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SOLID ORGAN TRANSPLANTATION Lecture at King Saud University on March 12, 2014 by Professor Omar Hasan Kasule Sr.

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Presentation on theme: "SOLID ORGAN TRANSPLANTATION Lecture at King Saud University on March 12, 2014 by Professor Omar Hasan Kasule Sr."— Presentation transcript:

1 SOLID ORGAN TRANSPLANTATION Lecture at King Saud University on March 12, 2014 by Professor Omar Hasan Kasule Sr

2 Introduction The first organs involved in transplantations were the skin, the bone, the teeth, and the cornea. Later kidney, heart, lung, and liver transplants were achieved. Glandular and neurohumoral organs will be transplantable in the future. Transplantation decisions are a balance between risk and benefit. Ethical and legal problems of transplantation are temporary, they will disappear with the use of xenografts, artificial organs, and cloned organs.

3 Legal rulings about transplantation: sources Uses of textual, nass, evidence has limited success because the issues involved in transplantation are new and were not dealt with before. General Purposes of the Law, maqasid al sharia, and the General Principles of Fiqh, al qawaid al fiqhiyyat are the more appropriate tools. The main guide about transplantation is the purpose of maintaining life of the donor and the recipient.

4 Legal rulings about transplantation; qa’idat al mashaqqat Under the principle of hardship, necessity and hardship legalize what would otherwise be objectionable or risky Lowering donor risk has precedence over benefit to the recipient the complications Side-effects to the recipient must be a lesser harm than the original disease.

5 Legal rulings about transplantation: qa’idat al dharar Under the principle of injury, transplantation relieves an injury to the body in as far as is possible but its complications and side-effects should be of lesser degree than the original injury. Abuse of transplantation by abducting or assassinating people for their organs could lead to complete prohibition under the principles of dominance of public over individual interest prevention of harm has priority over getting a benefit and pre- empting evil.

6 Legal rulings about transplantation: qa’idat al qasd Under the principle of custom brain death fulfills the criteria of being a widespread, uniform, and predominant customary definition of death that is considered a valid custom.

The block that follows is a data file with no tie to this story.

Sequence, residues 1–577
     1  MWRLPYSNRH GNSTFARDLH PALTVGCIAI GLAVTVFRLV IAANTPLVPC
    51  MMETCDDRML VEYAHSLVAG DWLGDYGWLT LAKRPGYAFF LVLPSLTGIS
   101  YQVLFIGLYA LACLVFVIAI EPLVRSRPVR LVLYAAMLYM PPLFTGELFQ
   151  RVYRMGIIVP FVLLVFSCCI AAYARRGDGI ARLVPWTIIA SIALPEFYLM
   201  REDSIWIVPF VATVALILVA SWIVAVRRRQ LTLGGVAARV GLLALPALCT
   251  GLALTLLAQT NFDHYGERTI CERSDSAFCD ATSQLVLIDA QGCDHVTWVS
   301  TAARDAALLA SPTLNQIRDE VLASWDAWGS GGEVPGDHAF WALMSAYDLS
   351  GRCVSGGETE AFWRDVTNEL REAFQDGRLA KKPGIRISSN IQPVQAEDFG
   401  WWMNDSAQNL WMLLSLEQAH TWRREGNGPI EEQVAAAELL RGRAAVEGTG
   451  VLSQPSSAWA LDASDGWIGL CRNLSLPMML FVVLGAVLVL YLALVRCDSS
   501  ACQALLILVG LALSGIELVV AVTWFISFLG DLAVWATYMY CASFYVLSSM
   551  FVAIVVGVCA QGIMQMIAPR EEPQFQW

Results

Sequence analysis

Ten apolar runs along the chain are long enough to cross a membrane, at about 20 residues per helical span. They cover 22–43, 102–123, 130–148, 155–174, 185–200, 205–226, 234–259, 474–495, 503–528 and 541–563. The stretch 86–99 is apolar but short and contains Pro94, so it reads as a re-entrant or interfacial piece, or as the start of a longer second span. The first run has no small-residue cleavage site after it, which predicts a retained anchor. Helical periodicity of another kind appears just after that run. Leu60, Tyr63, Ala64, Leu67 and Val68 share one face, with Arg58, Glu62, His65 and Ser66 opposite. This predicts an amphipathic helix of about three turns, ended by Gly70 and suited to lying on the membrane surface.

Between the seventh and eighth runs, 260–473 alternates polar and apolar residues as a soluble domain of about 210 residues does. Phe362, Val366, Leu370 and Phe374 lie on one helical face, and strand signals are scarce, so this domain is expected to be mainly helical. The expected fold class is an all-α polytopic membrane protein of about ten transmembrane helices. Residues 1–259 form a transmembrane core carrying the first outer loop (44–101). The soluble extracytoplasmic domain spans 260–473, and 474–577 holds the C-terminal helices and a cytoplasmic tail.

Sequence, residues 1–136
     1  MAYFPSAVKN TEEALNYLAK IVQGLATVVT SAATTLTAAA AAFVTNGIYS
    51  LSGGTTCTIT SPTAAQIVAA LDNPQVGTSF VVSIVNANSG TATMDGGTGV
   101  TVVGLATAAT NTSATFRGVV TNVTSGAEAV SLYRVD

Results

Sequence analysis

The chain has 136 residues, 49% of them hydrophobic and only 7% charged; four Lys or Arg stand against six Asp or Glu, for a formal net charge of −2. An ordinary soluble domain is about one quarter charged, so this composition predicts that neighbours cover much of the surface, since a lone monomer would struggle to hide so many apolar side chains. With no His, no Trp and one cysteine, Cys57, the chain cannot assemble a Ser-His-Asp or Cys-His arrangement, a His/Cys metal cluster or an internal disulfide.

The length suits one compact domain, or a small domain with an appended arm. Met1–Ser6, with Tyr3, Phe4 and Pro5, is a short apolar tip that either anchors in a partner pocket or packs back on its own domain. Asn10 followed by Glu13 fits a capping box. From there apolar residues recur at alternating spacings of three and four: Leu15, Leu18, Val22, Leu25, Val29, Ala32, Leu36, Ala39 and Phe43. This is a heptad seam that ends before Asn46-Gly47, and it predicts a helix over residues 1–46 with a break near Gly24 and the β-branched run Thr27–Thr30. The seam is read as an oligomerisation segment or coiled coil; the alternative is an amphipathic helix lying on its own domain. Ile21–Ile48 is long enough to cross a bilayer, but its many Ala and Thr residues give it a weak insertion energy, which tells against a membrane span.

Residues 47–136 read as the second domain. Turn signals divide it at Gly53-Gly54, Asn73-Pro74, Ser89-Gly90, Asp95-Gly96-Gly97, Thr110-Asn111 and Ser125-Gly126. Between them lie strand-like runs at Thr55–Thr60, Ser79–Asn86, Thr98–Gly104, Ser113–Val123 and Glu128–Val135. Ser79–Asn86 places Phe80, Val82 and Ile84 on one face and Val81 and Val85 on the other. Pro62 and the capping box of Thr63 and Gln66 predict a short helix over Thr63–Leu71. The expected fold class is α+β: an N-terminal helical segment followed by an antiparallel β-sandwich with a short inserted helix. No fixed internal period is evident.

7 Legal rulings about transplantation: abuses Selling organs could open the door to criminal commercial exploitation and may be forbidden under the purpose of maintaining life, the principle of preventing injury, the principle of closing the door to evil and the principle of motive. Protecting innocent people from criminal exploitation is a public interest that has priority over the health interests of the organ recipient. Principle of motive will have to be invoked to forbid transplantation altogether if it is abused and is commercialized for individual benefit because the purpose will no longer be noble but selfish. Matters are to be judged by the underlying motive and not the outward appearances.

8 Legal rulings about transplantation: other considerations Other considerations in transplantation are free informed consent, respect for the dignity of the human ownership and sale of organs, taharat of the organs, sadaqat, and iithaar. The following are allowed: use of animal organs, use of artificial organs, autotransplantation, transplantation from a living donor. Organs from prisoners condemned to death can be used provided there is dharuurat.

9 Indications, side effects, and complications Main indication for transplantation is organ failure and sub- optimal organ function. Transplantation on the basis of preventive maintenance of organs in good condition is not allowed. The associated side effects and complications of immune suppression, infection, neoplasia, graft rejection, and drug toxicity are treated under 2 principles of the Law: hardship, mashaqqa, and injury, dharar.

10 Procuring and harvesting organs The demand for organs is more than the supply. Human organs could be obtained either as voluntary gifts or voluntary sale. The donor may be living or may be dead. Living donors could be free persons or prisoners condemned to death (?ethically controversial) Harvesting organs from an individual without his or her free consent is not allowed by the law.

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